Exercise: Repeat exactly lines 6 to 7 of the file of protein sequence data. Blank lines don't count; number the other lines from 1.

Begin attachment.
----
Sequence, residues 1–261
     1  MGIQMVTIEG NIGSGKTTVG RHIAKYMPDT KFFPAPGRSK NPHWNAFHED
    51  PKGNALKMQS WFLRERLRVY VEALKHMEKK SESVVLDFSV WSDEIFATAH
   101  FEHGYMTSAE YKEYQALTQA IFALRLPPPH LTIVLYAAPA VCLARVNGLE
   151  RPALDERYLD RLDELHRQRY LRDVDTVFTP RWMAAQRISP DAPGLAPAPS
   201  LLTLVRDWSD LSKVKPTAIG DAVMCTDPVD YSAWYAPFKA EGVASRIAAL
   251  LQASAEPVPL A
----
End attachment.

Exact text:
   201  LLTLVRDWSD LSKVKPTAIG DAVMCTDPVD YSAWYAPFKA EGVASRIAAL
   251  LQASAEPVPL A